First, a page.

Fact Check: Ivermectin Deworms Livestock AND Treats Human Parasites, But Manufacturer Does NOT Recommend It For COVID-19

Fact Check

  • by: Dana Ford
Fact Check: Ivermectin Deworms Livestock AND Treats Human Parasites, But Manufacturer Does NOT Recommend It For COVID-19 Not For COVID

Does the use of ivermectin as a dewormer for horses mean it is only a veterinary medicine? No, that's not true: There are ivermectin doses for 1,000-pound animals and different doses and forms to treat rosacea and parasites in humans. But, while the active ingredient is the same, the veterinary formulation is not the same as the human product, and manufacturer Merck says there is no scientific support for its use in treating COVID-19. Federal poison control officials report an increase in ivermectin calls to poison control hotlines in 2021, associated with the rumor that it is a miracle cure, and warn self-dosing with feed-store ivermectin is dangerous.

The claim that it's only horse medicine was implied in a Facebook post (archived here) on September 5, 2021, that mocks conspiracists who claim ivermectin's benefits are being suppressed. The taunting post is built on a screenshot of a tweet that asked, "Why is basically the entire media lying about what Ivermectin is and calling it a horse drug?" The post has a photo of an ivermectin paste for horses and a response that reads:

The box has a horse on it

This is what the post looked like on Facebook at the time of writing:

Facebook screenshot

(Source: Facebook screenshot taken on Mon Sep 6 14:13:08 2021 UTC)

The post might well leave social media users with the impression that ivermectin is only for animals, specifically horses. That's not true. There are ivermectin products for both animals and people, though they differ in important respects.

According to the Food and Drug Administration (FDA):

Ivermectin tablets are approved by the FDA to treat people with intestinal strongyloidiasis and onchocerciasis, two conditions caused by parasitic worms. In addition, some topical forms of ivermectin are approved to treat external parasites like head lice and for skin conditions such as rosacea.

Some forms of animal ivermectin are approved to prevent heartworm disease and treat certain internal and external parasites. It's important to note that these products are different from the ones for people, and safe only when used in animals as prescribed.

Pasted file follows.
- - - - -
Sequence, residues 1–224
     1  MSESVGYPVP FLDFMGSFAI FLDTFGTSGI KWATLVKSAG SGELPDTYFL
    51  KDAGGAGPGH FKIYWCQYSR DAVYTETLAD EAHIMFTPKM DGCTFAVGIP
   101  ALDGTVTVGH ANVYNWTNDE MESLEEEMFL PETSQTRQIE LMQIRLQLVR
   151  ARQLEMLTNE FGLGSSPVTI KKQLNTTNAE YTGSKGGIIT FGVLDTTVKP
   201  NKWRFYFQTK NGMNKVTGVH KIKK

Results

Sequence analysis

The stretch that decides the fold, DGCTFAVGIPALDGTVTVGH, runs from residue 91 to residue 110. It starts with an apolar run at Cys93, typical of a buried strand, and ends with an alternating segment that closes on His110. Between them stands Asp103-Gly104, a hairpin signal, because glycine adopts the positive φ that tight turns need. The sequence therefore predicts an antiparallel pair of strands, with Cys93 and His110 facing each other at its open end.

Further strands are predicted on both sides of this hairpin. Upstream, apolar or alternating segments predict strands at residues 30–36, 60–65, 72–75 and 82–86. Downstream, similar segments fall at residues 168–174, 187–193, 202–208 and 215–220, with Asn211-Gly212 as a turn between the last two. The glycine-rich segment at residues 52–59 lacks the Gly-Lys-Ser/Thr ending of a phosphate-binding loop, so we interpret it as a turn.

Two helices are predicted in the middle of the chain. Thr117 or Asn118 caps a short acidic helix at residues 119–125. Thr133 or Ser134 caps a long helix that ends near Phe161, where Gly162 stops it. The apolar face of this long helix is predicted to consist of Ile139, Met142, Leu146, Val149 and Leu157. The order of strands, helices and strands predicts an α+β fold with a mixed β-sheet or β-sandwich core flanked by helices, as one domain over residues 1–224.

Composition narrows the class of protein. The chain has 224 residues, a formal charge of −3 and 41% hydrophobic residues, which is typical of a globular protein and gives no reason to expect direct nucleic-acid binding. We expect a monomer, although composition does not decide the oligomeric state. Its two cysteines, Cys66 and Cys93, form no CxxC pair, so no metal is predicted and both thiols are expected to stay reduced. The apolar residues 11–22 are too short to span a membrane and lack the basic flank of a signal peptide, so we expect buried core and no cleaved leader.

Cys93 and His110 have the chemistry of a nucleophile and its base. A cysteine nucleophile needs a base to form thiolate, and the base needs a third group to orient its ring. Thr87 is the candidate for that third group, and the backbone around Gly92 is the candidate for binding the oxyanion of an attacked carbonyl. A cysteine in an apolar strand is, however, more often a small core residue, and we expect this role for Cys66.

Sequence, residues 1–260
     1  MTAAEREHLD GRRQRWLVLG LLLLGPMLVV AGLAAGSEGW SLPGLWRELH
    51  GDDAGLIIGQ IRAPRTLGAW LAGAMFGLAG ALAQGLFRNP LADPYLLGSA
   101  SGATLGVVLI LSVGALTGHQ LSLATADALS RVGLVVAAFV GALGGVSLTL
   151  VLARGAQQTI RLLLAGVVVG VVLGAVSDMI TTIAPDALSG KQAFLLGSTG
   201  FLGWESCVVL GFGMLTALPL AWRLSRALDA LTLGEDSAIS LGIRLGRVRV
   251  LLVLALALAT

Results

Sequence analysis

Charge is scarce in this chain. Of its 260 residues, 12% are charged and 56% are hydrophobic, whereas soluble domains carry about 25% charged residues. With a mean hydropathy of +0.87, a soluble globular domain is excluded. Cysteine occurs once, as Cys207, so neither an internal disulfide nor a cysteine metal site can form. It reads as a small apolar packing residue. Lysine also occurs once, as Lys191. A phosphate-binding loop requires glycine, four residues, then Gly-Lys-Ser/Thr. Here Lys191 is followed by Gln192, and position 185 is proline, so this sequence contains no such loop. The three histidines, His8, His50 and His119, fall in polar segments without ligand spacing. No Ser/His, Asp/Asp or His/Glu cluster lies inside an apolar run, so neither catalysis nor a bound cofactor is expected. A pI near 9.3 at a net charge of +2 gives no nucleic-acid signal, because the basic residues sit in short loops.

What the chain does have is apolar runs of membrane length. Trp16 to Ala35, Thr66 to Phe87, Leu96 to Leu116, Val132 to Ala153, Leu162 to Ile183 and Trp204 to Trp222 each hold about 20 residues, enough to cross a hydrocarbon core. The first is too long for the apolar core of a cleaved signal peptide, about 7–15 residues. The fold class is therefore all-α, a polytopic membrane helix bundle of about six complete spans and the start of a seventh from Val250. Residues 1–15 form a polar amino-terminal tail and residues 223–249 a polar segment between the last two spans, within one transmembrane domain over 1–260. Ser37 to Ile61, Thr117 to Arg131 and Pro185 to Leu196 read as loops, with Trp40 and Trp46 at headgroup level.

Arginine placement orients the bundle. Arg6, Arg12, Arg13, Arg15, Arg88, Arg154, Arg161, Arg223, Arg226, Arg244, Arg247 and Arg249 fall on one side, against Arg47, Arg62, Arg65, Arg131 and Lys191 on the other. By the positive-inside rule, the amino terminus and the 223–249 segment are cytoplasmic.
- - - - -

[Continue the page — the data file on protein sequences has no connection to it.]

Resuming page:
Animal ivermectin products are different than those intended for people in at least two ways:

  1. The animal drugs are highly concentrated because they are intended for large creatures, like a horse or a cow, that weigh roughly 1,000 pounds, compared to the average human's weight, which is less than 200 pounds.
  2. The inactive ingredients in the animal products aren't evaluated for use in people, which means that doctors don't know how the human body will respond.

Taking medications meant for animals is not OK, according to the FDA, which has received multiple reports of patients requiring medical attention, including hospitalization, after taking ivermectin intended for livestock. On August, 21, 2021, the agency tweeted:

The FDA was responding to the persistent rumor that ivermectin can be used to prevent or treat COVID-19. Although clinical trials are underway, current data do not show that ivermectin is effective against the virus, and taking large doses of the drug can be dangerous. According to the FDA, ivermectin can cause nausea, vomiting, diarrhea, dizziness, seizures, coma and even death.

Merck, which did not make a successful COVID-19 vaccine and could profit if its product were therapeutic, flatly refutes claims that ivermectin is effective against COVID-19:

In an August 23, 2021, email to Lead Stories, a Merck spokesperson wrote:

... our analysis has identified:

  • No scientific basis for a potential therapeutic effect against COVID-19 from pre-clinical studies;
  • Significant limitations in evidence for clinical activity or clinical efficacy in patients with COVID-19 disease, rendering existing data inconclusive, and;
  • A lack of safety data in the majority of studies.

The spokesperson for Merck pointed out that major public health organizations around the world have concluded the same.

Want to inform others about the accuracy of this story?

See who is sharing it (it might even be your friends...) and leave the link in the comments.:

Lead Stories is working with the CoronaVirusFacts/DatosCoronaVirus Alliance, a coalition of more than 100 fact-checkers who are fighting misinformation related to the COVID-19 pandemic. Learn more about the alliance here.


  Dana Ford

Dana Ford is an Atlanta-based reporter and editor. She previously worked as a senior editor at Atlanta Magazine Custom Media and as a writer/ editor for CNN Digital. Ford has more than a decade of news experience, including several years spent working in Latin America.

Read more about or contact Dana Ford

About us

International Fact-Checking Organization

Lead Stories is a fact checking website that is always looking for the latest false, deceptive or inaccurate stories (or media) making the rounds on the internet.
Spotted something? Let us know!.

Lead Stories is a:


Follow us on social media

Most Read

Most Recent

Share your opinion